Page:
Retail sales rose dramatically in May as retailers and other businesses closed by the Coronavirus (COVID-19) pandemic began to re-open, but remained well below spending levels seen during the same period a year ago, according to the National Retail Federation. “Today’s sales report is very encouraging news at a time when we need to focus on what will happen as retail doors open once again,” says NRF President and CEO Matthew Shay. “For a sick economy, there is no better medicine than retailers responding to consumers who are ready to safely return to stores. These sales numbers do not reflect the same strength we had going into the pandemic, but they certainly reflect the trajectory we need coming out of it. The most important thing now is to keep these retail stores open for business and not penalize them by closing their doors in the event of a coronavirus surge. As those stores that remained open – our economic first responders – have shown, retailers have developed solutions that protect the safety of their customers and associates, and they are sharing those lessons to the benefit of store owners large and small in communities across the country.”
“The economy kicked off in May as retailers and other businesses reopened and both stimulus money and supplemental unemployment checks fueled spending driven by pent-up demand from two months of shutdowns,” adds NRF Chief Economist Jack Kleinhenz. “But, full recovery is still a long way off. Comparisons against April have to be taken in context because April was a full month when almost everything that wasn’t deemed ‘essential’ was shut down. Spending has improved considerably but it’s still far below where it was a year ago, and while the freefall in consumer confidence is over, unemployment remains high and confidence is still at recession levels.” “Going forward, wallets are primed, increased foot traffic shows that consumers are returning to stores, and retailers are ready to meet their demand, but we are likely to remain on a roller coaster for a while,” Kleinhenz says. “What we need to look at is the trajectory of employment and the direction of the virus. There’s hope for a turnaround in the economy in the third quarter but if the virus has a reawakening, we’re going to see some serious situations for consumers.” NRF’s calculation of retail sales – which excludes automobile dealers, gasoline stations and restaurants in order to focus on core retail – showed May was up 11% seasonally adjusted from April and up 1.7% unadjusted year-over-year.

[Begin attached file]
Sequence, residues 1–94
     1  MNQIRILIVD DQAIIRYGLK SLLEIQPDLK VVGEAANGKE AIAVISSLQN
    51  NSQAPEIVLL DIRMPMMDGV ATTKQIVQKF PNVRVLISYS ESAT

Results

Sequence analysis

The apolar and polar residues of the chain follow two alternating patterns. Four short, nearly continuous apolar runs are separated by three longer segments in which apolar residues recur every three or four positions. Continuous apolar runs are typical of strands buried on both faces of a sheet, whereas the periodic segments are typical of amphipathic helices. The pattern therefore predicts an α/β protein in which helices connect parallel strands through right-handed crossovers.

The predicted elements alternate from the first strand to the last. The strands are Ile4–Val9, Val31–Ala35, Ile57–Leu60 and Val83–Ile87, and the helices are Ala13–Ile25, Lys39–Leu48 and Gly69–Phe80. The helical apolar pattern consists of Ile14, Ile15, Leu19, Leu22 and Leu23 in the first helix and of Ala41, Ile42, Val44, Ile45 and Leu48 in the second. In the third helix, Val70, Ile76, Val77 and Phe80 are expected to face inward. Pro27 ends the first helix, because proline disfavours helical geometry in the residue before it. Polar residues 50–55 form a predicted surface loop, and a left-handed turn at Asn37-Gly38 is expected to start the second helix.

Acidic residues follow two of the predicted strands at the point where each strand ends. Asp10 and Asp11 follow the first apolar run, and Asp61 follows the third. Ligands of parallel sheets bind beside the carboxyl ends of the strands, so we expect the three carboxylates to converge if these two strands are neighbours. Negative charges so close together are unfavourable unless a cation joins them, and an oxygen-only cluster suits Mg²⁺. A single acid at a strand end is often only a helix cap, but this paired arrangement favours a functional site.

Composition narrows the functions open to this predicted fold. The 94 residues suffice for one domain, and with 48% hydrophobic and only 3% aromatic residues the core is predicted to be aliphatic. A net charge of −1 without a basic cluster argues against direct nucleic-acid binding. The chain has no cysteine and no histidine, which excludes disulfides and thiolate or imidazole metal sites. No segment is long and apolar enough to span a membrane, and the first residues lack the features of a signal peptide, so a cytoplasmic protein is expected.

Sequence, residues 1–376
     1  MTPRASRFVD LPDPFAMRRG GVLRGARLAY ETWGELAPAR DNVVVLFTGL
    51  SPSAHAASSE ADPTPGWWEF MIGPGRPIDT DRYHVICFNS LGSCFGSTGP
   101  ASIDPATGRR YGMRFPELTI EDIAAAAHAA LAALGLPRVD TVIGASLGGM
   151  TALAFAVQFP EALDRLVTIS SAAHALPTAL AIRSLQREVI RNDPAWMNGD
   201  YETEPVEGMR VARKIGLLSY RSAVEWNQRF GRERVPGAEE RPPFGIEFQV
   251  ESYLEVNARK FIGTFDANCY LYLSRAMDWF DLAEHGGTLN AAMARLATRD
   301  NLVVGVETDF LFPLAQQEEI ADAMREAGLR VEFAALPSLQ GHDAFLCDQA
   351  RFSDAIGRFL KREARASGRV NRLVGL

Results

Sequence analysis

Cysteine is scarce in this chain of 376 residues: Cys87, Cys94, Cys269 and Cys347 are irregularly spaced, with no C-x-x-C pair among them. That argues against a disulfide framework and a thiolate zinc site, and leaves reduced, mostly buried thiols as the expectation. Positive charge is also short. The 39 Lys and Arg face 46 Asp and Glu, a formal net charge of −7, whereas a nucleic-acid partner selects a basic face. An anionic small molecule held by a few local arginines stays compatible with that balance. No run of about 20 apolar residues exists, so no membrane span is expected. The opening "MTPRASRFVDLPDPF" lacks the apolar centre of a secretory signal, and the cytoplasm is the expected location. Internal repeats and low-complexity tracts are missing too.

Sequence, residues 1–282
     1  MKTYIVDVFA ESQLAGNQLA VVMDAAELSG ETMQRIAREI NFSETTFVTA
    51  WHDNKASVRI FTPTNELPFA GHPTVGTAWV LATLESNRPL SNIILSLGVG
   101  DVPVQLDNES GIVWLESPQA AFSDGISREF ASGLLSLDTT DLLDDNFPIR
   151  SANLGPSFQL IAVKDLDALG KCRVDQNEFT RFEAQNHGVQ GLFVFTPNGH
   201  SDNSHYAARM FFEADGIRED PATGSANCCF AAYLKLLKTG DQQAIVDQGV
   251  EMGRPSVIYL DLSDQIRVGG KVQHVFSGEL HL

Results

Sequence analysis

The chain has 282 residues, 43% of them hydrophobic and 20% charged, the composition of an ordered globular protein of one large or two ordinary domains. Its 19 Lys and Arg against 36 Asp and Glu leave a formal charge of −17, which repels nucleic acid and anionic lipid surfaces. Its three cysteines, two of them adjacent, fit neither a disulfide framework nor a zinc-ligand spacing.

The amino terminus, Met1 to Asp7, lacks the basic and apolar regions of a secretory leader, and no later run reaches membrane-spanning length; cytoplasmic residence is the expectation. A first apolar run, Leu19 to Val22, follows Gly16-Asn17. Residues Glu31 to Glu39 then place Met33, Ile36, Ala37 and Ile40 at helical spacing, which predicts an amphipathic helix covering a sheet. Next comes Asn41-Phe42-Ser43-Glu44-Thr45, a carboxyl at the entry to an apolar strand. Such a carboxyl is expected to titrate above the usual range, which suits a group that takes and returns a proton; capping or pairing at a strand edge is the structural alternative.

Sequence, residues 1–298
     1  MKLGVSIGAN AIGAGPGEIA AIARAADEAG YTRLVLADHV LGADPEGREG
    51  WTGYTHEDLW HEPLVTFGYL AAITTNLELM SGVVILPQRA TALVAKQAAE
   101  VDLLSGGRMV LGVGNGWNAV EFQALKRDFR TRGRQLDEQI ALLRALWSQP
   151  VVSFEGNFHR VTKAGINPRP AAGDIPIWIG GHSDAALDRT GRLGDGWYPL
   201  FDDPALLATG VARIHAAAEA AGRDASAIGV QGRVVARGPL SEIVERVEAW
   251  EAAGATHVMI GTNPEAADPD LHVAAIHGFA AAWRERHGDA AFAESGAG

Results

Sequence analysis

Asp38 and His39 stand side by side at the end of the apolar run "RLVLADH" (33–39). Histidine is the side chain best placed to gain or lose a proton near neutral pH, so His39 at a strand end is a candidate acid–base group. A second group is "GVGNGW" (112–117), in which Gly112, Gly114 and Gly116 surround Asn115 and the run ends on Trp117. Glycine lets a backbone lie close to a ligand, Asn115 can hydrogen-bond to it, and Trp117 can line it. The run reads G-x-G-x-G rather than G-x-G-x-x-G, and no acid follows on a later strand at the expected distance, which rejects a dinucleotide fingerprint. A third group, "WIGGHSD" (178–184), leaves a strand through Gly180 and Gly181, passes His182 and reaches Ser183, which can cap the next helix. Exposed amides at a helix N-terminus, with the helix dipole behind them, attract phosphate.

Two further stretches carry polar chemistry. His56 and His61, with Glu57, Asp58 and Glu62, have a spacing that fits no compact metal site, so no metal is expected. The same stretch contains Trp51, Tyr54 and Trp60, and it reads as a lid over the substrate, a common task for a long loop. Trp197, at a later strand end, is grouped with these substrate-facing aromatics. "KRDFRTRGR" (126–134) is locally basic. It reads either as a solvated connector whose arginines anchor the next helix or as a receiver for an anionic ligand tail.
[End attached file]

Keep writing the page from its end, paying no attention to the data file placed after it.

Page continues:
Every category of retail saw month-over-month gains, with some of them dramatic, especially among retailers that had been mostly closed the month before – clothing stores were up an unheard-of 188% while furniture stores were up 89.7% and sporting goods stores were up 88.2%. But, year-over-year gains online and at retailers that had remained open such as grocery stores and drug stores were largely offset by drops in other categories. Specifics from key retail sectors during May include:
- Clothing and clothing accessory stores were up 188% month-over-month seasonally adjusted, but down 63.3% unadjusted year-over-year.
- Furniture and home furnishings stores were up 89.7% month-over-month seasonally adjusted, but down 23.2% unadjusted year-over-year.
- Sporting goods stores were up 88.2% month-over-month seasonally adjusted and up 6% unadjusted year-over-year.
- Electronics and appliance stores were up 50.5% month-over-month seasonally adjusted, but down 30.9% unadjusted year-over-year.
- Building materials and garden supply stores were up 10.9% month-over-month seasonally adjusted and up 10.8% unadjusted year-over-year.
- Online and other non-store sales were up 9% month-over-month seasonally adjusted and up 25.3% unadjusted year-over-year.
- General merchandise stores were up 6% month-over-month seasonally adjusted and up 1.6% unadjusted year-over-year.
- Health and personal care stores were up 0.4% month-over-month seasonally adjusted, but down 12.6% unadjusted year-over-year.